The results of the comparison quasi-experiment showed that none of the eight California cities experienced a statistically significant drop in crime rates during the Peacekeeper intervention. This outcome suggests that when compared to gun homicide trends in other midsize California cities, the reduction in homicides in Stockton can be associated with the Peacekeeper intervention.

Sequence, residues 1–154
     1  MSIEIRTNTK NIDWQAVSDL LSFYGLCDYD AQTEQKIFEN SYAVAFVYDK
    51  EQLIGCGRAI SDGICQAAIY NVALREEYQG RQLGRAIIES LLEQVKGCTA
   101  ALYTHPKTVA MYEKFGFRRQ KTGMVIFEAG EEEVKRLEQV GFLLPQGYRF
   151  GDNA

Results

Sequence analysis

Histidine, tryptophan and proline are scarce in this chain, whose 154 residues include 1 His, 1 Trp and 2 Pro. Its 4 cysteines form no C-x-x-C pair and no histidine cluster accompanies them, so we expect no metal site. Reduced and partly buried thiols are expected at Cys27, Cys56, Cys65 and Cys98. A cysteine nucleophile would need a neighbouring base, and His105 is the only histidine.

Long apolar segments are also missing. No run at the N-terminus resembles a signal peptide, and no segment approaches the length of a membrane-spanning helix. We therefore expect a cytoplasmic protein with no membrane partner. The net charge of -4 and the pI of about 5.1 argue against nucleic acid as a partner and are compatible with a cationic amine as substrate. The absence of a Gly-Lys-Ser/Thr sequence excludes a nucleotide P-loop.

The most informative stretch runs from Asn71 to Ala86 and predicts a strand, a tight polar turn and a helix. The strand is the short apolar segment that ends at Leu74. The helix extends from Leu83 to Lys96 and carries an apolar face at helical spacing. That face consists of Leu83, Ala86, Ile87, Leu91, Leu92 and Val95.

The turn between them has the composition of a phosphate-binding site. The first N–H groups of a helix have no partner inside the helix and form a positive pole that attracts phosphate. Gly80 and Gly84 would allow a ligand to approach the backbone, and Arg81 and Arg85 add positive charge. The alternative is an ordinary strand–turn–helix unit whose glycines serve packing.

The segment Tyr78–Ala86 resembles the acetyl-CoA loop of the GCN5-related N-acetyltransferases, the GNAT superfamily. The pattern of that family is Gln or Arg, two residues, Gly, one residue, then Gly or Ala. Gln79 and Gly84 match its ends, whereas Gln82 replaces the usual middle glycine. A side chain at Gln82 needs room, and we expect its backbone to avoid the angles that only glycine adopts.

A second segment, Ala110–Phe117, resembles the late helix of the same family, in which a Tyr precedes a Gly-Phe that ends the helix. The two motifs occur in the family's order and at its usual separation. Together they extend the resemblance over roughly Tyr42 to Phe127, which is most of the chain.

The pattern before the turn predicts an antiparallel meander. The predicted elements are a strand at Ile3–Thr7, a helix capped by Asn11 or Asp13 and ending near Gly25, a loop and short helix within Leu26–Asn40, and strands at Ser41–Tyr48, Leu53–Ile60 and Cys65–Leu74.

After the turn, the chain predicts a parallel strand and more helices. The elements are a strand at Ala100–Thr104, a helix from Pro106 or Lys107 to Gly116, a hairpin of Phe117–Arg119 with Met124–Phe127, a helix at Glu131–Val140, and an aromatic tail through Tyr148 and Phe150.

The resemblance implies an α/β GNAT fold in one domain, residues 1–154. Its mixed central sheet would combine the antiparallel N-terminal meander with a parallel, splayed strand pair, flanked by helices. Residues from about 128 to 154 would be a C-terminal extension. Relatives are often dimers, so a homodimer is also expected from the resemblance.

Braga (2008) used a basic one-group time series design to analyze the impact of the Operation Peacekeeper program on gun homicide trends in Stockton, Calif. The citywide number of gun homicides in Stockton was examined for each month from Jan. 1, 1990, to Dec. 31, 2005. The total number of observations was 192 (monthly counts), with 92 preintervention observations, 64 treatment months, and 36 posttreatment months. Gun homicide data for the 1990–2004 time period was obtained from FBI Supplementary Homicide Report (SHR) data, and the Stockton Police Department Crime Analysis Unit provided 2005 gun homicide incident data. September 1997 was selected as the program start date and December 2002 as the end date, and no rival programs were implemented in Stockton during this time period. A multivariate regression analysis was done to determine if the changes in homicide trends in Stockton were statistically significant, as well as to control for other explanatory factors that could potentially impact homicide trends.